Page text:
I’m a fan of nano so I did :

nano ~/hello_world.js

Then I got to work writing my first app (which I stole from the node site).

var http = require('http');
http.createServer(function (req, res) {
  res.writeHead(200, {'Content-Type': 'text/plain'});
  res.end('Hello World\n');

Once it was all ready I did my CTRL+X  Y and Enter to save my file.  Then finally it was time to test!

sudo node ~/hello_world.js

At this point if you did everything right all you should see is a flashing underscore.  You’ll need to use sudo if you are using port 80 like I am.

Finally I wanted to see my master piece in action so I logged on to my domain registrar, created a new subdomain, went to the Advanced DNS editor and redirected the sub-domain to my IP address.  Once that was setteled I went into my At&T 2WIRE router and went into my firewall, selected my server and set it to accept traffic on port 80 (by clicking the Server link and the Web Server selection).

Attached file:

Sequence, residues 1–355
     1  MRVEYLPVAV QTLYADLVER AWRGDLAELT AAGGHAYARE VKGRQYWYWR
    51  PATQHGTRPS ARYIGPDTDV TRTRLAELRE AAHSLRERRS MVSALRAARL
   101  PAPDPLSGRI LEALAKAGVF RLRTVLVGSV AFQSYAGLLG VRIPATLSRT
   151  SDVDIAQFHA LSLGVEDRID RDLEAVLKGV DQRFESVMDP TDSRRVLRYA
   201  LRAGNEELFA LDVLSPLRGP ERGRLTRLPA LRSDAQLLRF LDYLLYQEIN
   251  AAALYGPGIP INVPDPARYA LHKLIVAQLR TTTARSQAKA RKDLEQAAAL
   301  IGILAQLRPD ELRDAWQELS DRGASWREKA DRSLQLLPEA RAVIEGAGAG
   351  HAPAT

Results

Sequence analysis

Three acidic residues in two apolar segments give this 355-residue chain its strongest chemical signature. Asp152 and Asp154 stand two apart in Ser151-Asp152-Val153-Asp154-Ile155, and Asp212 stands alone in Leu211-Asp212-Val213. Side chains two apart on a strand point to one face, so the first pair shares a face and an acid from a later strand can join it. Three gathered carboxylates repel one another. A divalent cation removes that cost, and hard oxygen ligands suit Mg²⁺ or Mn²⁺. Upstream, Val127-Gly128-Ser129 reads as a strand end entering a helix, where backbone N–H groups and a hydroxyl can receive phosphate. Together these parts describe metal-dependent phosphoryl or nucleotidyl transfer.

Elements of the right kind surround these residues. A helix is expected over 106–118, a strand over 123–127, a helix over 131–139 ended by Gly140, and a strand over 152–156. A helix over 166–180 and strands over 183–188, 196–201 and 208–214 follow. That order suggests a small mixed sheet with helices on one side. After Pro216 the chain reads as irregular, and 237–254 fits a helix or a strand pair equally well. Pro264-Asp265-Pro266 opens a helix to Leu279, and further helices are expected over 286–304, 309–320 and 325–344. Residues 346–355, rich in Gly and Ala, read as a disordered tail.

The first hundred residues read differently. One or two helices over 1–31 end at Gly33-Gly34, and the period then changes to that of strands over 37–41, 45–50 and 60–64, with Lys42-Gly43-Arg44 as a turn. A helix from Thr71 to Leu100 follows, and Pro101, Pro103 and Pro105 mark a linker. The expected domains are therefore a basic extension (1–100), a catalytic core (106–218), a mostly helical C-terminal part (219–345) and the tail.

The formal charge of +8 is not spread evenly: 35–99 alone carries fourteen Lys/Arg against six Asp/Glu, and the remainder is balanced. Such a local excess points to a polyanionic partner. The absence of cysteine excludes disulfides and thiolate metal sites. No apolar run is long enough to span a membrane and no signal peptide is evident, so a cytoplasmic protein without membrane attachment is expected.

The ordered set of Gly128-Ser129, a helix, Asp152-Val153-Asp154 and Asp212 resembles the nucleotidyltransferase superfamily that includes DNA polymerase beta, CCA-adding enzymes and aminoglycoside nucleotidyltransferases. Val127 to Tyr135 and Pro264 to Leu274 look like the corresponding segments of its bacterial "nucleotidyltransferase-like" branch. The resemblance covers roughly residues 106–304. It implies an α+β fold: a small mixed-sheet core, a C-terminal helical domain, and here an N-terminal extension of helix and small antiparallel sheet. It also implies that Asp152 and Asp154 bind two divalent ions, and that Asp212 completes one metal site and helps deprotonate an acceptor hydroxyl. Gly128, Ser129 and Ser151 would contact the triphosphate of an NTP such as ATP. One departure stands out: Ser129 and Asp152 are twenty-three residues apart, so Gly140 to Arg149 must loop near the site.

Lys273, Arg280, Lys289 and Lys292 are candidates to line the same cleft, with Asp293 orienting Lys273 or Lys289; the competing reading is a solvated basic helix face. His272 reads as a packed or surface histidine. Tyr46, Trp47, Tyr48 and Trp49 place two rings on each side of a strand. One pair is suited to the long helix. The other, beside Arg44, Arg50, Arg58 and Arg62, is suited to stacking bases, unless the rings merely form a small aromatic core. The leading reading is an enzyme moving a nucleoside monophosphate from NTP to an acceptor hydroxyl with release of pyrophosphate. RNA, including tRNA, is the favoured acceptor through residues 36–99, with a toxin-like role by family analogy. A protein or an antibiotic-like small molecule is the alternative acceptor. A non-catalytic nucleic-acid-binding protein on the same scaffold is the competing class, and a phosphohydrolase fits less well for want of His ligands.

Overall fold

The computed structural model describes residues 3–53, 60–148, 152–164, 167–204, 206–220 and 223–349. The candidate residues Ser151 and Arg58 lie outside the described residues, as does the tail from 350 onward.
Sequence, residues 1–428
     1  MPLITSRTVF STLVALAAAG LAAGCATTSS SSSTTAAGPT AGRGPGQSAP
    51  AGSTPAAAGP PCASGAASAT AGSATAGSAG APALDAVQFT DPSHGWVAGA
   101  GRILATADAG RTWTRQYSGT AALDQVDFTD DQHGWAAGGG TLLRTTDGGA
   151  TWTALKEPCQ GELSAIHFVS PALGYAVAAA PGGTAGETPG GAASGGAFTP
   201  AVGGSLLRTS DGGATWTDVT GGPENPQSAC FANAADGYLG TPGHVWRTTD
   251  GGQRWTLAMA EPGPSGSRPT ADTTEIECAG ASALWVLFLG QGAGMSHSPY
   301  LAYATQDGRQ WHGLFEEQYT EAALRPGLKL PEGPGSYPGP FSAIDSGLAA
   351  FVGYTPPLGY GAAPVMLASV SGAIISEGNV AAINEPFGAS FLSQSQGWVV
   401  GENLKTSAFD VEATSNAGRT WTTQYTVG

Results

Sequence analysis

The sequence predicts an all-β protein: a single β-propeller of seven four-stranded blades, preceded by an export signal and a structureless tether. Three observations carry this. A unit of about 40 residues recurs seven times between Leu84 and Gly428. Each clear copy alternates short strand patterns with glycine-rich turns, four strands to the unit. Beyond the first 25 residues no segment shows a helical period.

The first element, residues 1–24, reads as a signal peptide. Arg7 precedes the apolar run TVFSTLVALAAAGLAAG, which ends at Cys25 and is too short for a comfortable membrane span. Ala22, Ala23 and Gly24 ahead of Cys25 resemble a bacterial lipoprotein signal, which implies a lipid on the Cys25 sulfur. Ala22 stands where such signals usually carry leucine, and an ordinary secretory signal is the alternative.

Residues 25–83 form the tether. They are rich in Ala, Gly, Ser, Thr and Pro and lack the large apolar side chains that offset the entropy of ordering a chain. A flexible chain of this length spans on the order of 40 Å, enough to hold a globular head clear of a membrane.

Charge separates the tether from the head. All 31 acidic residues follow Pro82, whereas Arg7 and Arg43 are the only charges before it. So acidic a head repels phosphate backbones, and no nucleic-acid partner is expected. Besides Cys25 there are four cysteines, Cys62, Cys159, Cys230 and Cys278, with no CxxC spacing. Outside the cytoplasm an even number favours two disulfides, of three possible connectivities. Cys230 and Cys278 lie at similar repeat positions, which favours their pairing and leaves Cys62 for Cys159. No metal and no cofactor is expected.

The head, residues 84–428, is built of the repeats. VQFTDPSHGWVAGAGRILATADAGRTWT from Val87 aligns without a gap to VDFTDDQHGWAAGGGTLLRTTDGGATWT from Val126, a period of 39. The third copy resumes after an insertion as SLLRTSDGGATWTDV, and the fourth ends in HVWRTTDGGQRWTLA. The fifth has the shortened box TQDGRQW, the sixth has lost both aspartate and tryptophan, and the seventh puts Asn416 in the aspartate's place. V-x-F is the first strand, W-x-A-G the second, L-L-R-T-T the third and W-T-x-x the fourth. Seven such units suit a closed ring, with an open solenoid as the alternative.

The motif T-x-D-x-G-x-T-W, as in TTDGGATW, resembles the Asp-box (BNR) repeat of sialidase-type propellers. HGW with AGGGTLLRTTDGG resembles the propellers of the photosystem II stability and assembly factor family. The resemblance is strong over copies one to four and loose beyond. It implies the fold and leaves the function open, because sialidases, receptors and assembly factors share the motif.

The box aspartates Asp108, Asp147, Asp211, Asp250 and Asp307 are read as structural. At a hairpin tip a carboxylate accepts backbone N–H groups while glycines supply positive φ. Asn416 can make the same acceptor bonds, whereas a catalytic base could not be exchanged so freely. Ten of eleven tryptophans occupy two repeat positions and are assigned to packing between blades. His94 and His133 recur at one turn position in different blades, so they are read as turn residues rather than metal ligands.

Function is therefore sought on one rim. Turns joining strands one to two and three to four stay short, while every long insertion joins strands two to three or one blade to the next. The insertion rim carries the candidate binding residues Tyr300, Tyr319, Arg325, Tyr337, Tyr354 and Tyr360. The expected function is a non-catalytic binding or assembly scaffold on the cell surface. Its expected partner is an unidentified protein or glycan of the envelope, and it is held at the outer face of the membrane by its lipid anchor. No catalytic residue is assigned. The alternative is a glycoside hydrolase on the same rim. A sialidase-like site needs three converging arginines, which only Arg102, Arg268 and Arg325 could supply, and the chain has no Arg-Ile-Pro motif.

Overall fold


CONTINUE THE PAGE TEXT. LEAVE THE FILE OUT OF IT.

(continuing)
TLDR for all those who skip to the bottom (like myself).

  1. Get a server
  2. Install Ubuntu
  3. Install Node
  4. Create a Node App
  5. Point a Domain to your IP Address
  6. Ensure your Router/Firewall are ready for the traffic.


Not too bad for an evenings work.

The MSNR Stack

MongoDB + Sails.js + Node.js + React.js = MSNR (mis · ner)

JavaScript frameworks are coming out of the woodwork right now but picking and choosing  which ones to use for your project can be a pain, because there are a myriad of ways to combine these frameworks to build applications.  ToDoMVC covers some of the more popular combinations out right now, however there is one that they don’t cover. The MSNR stack.